For most bands, merchandise is a pain in the ass, a necessary evil to keep the machine running. For Tegan and Sara, however, merchandise is an opportunity; it’s a chance to be creative in ways other than making music. It’s a way to pursue fashion, film, video, books and web design.
“Merchandising used to be something I was embarrassed about,” Sara Quin admits, “because it can be so cheesy. But if you approach it in the right way, it can be so much more than just slapping a logo on a T-shirt; it can be a creative activity not so different from writing songs. And unlike songwriting, which is such a solitary process, merchandise can be more collaborative, a chance to work as a team. We think of Emy Storey, our art director, as an unofficial third member of the band. We work with her on things as broad as album artwork, our website, all our T-shirts, that three-book collection we put out and now these little movies.”
Those three “little movies” are the core of the twin sisters’ new release, Get Along. Danny O’Malley directed States, a 31-minute documentary about Tegan and Sara’s 2010 U.S. tour with lots of interviews and between-song banter. Elinor Svoboda directed India, a 25-minute travelogue about the duo’s 2010 trip to Mumbai, India. And Salazar directed For the Most Part, a 70-minute concert film shot before a 75-person audience at the Warehouse Studio in Vancouver in November 2010.
All three are on a single DVD, and 15 songs from the last film are on a separate audio CD. While watching the DVD, it’s easy to distinguish Sara from her twin sister; Sara is the slimmer one with the higher voice, the one more likely to pause before speaking. Tegan (older by eight minutes) is the one with more tattoos and the lower-lip piercing, the one more likely to blurt out a joke or comment.
These movies, Sara says, are like merchandise in that they are aimed at devoted fans of the band. If studio albums are a way to reach out through radio and websites to attract new fans, live albums and documentary films are a way to keep longtime fans happy. To use a political analogy (mine, not hers), it’s the difference between reaching out to the center and playing to the party’s base.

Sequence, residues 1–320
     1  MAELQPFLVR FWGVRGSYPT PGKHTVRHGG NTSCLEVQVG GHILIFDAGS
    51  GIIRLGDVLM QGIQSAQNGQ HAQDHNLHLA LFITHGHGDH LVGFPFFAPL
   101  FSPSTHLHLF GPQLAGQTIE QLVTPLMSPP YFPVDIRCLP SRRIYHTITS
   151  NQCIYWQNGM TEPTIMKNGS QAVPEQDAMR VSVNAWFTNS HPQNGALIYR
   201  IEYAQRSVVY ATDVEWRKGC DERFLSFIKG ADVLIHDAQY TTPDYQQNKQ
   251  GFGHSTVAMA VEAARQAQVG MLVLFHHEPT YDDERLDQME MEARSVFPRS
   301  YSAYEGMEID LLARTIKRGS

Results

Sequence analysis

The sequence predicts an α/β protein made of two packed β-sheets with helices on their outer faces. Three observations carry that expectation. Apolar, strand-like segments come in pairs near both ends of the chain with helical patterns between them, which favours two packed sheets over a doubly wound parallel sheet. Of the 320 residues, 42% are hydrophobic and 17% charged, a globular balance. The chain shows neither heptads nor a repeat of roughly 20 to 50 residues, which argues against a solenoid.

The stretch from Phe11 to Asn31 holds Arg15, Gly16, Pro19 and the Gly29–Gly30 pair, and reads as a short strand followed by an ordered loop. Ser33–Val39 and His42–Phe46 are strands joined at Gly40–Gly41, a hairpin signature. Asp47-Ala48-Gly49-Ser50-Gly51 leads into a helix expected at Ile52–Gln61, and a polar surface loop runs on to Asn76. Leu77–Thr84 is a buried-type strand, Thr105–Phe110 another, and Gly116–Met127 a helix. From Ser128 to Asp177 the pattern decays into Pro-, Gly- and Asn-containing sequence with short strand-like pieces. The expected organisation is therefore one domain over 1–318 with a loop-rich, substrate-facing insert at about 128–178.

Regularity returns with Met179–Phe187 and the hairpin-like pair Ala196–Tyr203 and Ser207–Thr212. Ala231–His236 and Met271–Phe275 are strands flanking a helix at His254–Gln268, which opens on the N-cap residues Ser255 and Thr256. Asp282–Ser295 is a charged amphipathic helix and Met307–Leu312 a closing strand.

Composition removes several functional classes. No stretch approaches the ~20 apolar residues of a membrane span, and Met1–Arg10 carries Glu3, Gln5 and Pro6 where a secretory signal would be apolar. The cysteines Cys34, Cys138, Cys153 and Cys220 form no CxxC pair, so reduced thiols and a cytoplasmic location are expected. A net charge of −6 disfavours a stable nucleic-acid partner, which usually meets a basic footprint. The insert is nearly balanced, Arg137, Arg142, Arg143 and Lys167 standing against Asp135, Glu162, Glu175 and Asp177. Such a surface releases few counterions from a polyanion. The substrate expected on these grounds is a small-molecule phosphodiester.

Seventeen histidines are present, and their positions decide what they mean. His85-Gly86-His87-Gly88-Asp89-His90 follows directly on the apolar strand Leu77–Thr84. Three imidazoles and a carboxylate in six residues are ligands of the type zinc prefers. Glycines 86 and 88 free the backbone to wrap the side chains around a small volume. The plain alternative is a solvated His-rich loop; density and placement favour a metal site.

But something unexpected happened. The audio CD, added as an afterthought to the DVD, is probably the best possible introduction to Tegan and Sara. It’s not exactly an “unplugged” session, for there are electric keyboards, electric guitars, electric bass and drums on most of the songs, but the music is very stripped-down, far more transparent than the studio albums. This approach plays to their strengths—melodic hooks and emotional vocals—by deemphasizing their moderate skills as soloists and producers.
The song “Back in Your Head,” for example, sounded very much like 2007 when it appeared on that year’s album, The Con. The indie-rock-dance arrangement encouraged Sara to deliver the key couplet, “I’m not unfaithful but I’ll stray; when I get a little scared, I run, run, run,” not as if she were really scared but as an impudent threat to her backing-away lover.
But on the unaccompanied duo version from the Warehouse Studio, the song sounds unbounded by any particular year. With Sara, in a brown-leather jacket, singing lead and playing acoustic guitar, while Tegan, in a gray-wool jacket, plays acoustic piano and sings harmony, the line, “I just want back in your head,” fills with the ache of fear and longing. Unobscured by layered keyboards and brittle beats, the chiming chorus forms a bridge between one woman’s personal pain and any listener’s romantic anxiety.
The live album includes at least one number from each of the six albums Tegan and Sara have released since 1999. In almost every case, the reductionist arrangements improve the tune, scrubbing off unnecessary production to reveal the emotional core of these songs about troubled relationships—romances that never seem quite settled and yet never seem quite over either.